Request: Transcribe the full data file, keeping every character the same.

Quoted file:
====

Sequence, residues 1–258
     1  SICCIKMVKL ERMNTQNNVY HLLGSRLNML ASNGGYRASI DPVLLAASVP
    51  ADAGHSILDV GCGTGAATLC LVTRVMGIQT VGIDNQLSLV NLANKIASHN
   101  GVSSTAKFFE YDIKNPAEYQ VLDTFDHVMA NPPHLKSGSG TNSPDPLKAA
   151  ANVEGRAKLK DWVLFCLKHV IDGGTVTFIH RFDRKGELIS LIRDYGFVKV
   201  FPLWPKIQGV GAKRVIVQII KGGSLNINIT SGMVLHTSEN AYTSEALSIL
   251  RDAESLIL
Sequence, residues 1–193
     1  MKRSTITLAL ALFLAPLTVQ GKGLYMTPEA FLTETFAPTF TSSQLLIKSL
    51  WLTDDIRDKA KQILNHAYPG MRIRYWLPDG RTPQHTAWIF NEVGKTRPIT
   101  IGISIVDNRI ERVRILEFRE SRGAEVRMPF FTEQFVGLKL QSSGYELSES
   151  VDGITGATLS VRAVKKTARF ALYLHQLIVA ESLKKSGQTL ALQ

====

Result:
Sequence, residues 1–258
     1  SICCIKMVKL ERMNTQNNVY HLLGSRLNML ASNGGYRASI DPVLLAASVP
    51  ADAGHSILDV GCGTGAATLC LVTRVMGIQT VGIDNQLSLV NLANKIASHN
   101  GVSSTAKFFE YDIKNPAEYQ VLDTFDHVMA NPPHLKSGSG TNSPDPLKAA
   151  ANVEGRAKLK DWVLFCLKHV IDGGTVTFIH RFDRKGELIS LIRDYGFVKV
   201  FPLWPKIQGV GAKRVIVQII KGGSLNINIT SGMVLHTSEN AYTSEALSIL
   251  RDAESLIL
Sequence, residues 1–193
     1  MKRSTITLAL ALFLAPLTVQ GKGLYMTPEA FLTETFAPTF TSSQLLIKSL
    51  WLTDDIRDKA KQILNHAYPG MRIRYWLPDG RTPQHTAWIF NEVGKTRPIT
   101  IGISIVDNRI ERVRILEFRE SRGAEVRMPF FTEQFVGLKL QSSGYELSES
   151  VDGITGATLS VRAVKKTARF ALYLHQLIVA ESLKKSGQTL ALQ